“It’s the most core Dirty Heads album we’ve done,” explains Watson, who formed the collective with Bushnell in 1996. “One of the most important things about this album is the reason we self-titled it. This album has all of the elements that we’ve tried to play around with. We had to go through those other albums to really find out exactly who we are, where it was natural. Now, I just think our sound is better and more confident.”
Recorded in Los Angeles over a period of four months, Dirty Heads marks a stylistic heel-turn for the Huntington Beach, Calif. natives, who enlisted a diverse team of hit-makers including: Da Internz (Rihanna, Nicki Minaj), Drew Pearson (Katy Perry, Zac Brown Band), David Kahne (Lana Del Rey, The Strokes), Jimmy Harry (Madonna, Diplo), Jonas Jeberg (Demi Lovato, Fifth Harmony), and a handful of others. The record spans lively tracks like reggae-bounced “Oxygen” to the instantly catchy sing-along “Too Cruel” and horn-blasted lead single “That’s All I Need,” the latter of which captures the nostalgia of carefree adolescence.
Produced by Justin Gray (Mariah Carey, Joss Stone), ‘That’s All I Need’ “just has a good feel to it, kind of hanging out with your friends in the neighborhood on a Sunday in the summer back when you were growing up,” says Duddy. “Everyone’s got that good memory, so that’s where we started aiming for. Let’s make this feel-good summer song that people can put on in the backyard with their friends and family.”
Dirty Heads comes in the wake of their most successful release to date, 2014’s Sound of Change, which debuted at No. 1 on Billboard’s Top Alternative Albums chart. This album is marked differently than its predecessors — 2008’s Any Port in a Storm, 2012’s Cabin by the Sea and 2013’s acoustic offering Home — Phantoms of Summer, the former of which spawned the smash single “Lay Me Down” featuring Rome of Sublime with Rome that topped the Alternative Songs chart for 11 weeks.
The band’s prior releases set the groundwork for their latest, proving a clear indication of their artistic growth, and an ambitious one at that. For the LP, they decided to toy with sequencing, splitting the album into two parts — Day and Night — guiding listeners through their day from start to finish. Duddy explains that it was done in response to the listening public’s reliance on playlists, and artistically executed by color-coding each ‘Day’ song (red, orange, yellow) and ‘Night’ song (purple, green, black) to reflect the vibes of feeling positive, exuberant versus chilled out and low key.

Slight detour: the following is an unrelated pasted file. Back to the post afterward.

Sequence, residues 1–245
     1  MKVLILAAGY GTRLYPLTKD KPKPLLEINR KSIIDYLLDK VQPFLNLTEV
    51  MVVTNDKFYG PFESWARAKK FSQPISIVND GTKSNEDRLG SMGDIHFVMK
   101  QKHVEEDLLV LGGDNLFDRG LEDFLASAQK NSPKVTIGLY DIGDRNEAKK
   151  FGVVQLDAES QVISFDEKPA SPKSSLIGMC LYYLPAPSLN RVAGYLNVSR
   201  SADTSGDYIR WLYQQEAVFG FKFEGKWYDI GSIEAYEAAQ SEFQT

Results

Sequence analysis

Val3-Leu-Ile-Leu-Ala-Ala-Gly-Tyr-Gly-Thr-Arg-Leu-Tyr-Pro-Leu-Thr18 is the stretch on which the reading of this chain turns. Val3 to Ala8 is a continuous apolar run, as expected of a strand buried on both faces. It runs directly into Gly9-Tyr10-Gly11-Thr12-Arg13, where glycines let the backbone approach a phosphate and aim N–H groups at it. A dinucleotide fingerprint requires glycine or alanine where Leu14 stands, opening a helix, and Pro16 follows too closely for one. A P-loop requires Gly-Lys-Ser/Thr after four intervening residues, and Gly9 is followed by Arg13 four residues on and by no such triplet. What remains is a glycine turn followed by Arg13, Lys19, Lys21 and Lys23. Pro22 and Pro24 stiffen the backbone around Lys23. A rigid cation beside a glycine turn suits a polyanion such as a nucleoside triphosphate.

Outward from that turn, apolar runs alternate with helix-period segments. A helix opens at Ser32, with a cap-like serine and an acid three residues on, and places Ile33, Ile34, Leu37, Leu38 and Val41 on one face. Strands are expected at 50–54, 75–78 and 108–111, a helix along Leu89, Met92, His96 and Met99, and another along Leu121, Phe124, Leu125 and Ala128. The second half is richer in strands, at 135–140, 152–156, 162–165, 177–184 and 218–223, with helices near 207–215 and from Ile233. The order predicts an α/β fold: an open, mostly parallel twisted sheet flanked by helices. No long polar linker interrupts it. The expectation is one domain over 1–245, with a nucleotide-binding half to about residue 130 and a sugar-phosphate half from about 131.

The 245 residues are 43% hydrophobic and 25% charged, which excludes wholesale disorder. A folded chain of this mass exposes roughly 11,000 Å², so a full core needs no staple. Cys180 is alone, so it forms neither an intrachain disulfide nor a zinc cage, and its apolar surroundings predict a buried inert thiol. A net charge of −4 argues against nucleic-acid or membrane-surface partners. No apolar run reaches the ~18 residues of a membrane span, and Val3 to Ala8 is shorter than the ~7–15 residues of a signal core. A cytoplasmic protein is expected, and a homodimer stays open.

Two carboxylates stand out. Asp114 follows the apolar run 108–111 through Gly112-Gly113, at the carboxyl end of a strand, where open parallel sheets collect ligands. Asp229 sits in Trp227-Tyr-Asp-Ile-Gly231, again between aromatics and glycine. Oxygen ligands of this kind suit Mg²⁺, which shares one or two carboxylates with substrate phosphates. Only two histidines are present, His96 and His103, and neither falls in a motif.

“Nowadays, it’s so easy to just listen to one song,” he says. “Have a song on your iTunes playlist, you probably don’t even know who the artist is because it doesn’t matter, you just like that track. So we were trying to provide the order we think you should listen to these in and get people in front of what we think.” Watson adds, “When you do that and you’re doing it in our original way, I feel like it makes it timeless.”
With a solid fan-base already in place, Dirty Heads are focusing their sights on something they’ve been edging towards for years: breaking the mainstream. “We want our fans to love it, because we love what we do and we want to keep doing it,” says Watson. “But this album for me, I cannot poke a hole in any of it. From front to back, it’s really so phenomenal. I’m so confident in it that I want it to take Dirty Heads from the band that we are in America, worldwide.”